The losing battle of TOFU

Adam Dinwoodie
Fri Nov 2 16:55:00 GMT 2012

Christopher Faylor wrote:
> This isn't really Cygwin-related but I wonder if the battle against TOFU is
> well and truly lost.  Very few people that I know use it.  It's not even on
> anyone's radar as something that should be done.  Many email readers default
> to it.

Personally, I love the fact that the Cygwin list still (attempts to) enforce
interleaving.  It feels like the last bastion of readability and common sense
over laziness.

> At NetApp, it's basically the wild west when it comes to quoting style.  Some
> people use the tried-and-true, "just forward it back along with email
> headers".

Which is more-or-less fine for things that aren't going to go on a crawlable
website, and a nightmare for things that are.

> Some people invent their own style, like bracketing replies with their name.

That's a standard Microsoft Outlook option.  You can fairly easily set it up to
add those brackets automatically when you add a comment interleaved in a reply.
Not sure if Microsoft came up with the idea, but I strongly suspect that's one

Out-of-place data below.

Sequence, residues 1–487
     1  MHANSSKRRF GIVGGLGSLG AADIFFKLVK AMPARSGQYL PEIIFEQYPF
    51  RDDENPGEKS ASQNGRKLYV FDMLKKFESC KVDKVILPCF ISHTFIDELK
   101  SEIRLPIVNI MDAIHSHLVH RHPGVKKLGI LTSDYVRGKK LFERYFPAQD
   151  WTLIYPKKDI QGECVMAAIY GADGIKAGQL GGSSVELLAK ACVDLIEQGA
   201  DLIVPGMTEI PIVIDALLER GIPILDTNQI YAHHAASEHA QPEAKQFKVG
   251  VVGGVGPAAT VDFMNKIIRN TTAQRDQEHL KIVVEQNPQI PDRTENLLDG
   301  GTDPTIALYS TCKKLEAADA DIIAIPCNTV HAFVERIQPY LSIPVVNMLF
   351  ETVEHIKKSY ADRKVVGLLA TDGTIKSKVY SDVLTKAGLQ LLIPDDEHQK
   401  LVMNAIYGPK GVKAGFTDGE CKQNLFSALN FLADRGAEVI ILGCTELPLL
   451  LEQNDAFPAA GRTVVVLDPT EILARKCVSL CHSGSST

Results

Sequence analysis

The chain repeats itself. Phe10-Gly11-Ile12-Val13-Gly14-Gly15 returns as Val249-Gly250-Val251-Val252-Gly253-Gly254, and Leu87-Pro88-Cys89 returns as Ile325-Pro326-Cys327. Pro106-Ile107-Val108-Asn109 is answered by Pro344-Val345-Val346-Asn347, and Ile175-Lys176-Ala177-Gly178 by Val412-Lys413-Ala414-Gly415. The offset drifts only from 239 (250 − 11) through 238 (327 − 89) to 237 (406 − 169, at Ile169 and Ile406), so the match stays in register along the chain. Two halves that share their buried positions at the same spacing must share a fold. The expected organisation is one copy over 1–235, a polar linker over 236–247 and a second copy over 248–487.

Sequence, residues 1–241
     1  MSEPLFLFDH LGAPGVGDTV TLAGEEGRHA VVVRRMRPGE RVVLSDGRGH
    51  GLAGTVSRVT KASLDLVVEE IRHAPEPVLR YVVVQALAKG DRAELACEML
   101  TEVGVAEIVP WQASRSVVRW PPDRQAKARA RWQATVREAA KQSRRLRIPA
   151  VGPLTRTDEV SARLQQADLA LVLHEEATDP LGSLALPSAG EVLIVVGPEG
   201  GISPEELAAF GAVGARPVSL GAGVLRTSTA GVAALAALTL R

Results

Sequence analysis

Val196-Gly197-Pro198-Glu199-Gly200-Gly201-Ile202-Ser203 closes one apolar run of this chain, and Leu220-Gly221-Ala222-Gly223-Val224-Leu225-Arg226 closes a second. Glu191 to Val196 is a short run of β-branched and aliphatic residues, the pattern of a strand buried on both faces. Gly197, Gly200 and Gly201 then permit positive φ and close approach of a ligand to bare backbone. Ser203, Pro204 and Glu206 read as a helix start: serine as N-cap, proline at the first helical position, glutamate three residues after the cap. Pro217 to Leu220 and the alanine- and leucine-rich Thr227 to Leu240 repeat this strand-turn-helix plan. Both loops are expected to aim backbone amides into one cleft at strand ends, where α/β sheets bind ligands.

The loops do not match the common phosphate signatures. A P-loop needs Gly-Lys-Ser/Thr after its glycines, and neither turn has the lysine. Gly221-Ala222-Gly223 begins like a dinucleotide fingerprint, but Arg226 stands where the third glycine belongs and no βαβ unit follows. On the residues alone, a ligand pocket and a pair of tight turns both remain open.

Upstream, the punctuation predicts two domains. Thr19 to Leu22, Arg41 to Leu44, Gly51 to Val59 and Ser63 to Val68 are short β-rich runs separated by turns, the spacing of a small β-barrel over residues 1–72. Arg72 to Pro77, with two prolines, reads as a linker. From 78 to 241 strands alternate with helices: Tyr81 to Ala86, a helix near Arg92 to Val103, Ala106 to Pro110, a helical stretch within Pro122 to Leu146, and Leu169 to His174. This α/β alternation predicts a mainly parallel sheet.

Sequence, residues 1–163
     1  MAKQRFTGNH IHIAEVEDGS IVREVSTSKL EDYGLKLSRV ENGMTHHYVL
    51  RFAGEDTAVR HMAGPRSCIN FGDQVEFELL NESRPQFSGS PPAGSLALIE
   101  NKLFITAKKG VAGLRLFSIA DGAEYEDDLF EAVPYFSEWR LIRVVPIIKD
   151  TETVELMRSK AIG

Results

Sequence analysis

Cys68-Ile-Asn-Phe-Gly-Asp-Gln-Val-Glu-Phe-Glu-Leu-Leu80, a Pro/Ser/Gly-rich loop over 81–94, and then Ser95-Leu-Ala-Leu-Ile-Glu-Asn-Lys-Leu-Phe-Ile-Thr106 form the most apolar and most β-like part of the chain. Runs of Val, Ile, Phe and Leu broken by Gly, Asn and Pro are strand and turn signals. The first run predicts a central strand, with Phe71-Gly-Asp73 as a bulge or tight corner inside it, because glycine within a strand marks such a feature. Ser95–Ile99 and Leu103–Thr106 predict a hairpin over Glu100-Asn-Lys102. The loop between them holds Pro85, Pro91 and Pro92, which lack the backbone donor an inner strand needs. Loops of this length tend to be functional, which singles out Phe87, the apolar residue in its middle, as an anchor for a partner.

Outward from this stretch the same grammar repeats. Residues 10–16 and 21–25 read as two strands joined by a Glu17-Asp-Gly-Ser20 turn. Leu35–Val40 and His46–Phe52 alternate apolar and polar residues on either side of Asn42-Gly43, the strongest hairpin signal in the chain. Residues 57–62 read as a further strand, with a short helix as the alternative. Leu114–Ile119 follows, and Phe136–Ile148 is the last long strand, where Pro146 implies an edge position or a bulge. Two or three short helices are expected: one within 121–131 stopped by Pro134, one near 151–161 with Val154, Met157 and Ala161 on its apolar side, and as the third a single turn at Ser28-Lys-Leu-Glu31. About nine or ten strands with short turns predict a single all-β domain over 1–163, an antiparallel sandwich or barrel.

of the reasons it caught on so.

(I have to use Outlook, but I have a practiced technique involving Cygwin vim
and /dev/clipboard for writing nicely quoted emails.)

> No one puts the quotes first and their replies after and hardly anyone
> (besides me) ever trims anything.

It's still the case that bottom-posting is normal for each message in threading
clients.  If you look at Gmail or Facebook, for example, they both put the more
recent replies below the older, and they both surpress the context (in Gmail,
there's a button to expand the quoted context; Facebook just doesn't include it
in replies at all, since it's always included the full context of previous

I think some form of quoting is still useful when you need to reply to
individual points, but I think that's fairly rare.  Now increasing numbers of
people use clients that thread conversations, I suspect we're just going to see
folk stopping quoting entirely except when they explicitly want to reply
separately to separate points.

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